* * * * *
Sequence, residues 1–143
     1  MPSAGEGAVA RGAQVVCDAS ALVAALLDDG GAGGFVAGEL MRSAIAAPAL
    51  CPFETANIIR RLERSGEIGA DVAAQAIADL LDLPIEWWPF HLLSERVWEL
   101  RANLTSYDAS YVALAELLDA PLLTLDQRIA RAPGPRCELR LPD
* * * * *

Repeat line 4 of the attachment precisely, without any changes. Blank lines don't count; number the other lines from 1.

   101  RANLTSYDAS YVALAELLDA PLLTLDQRIA RAPGPRCELR LPD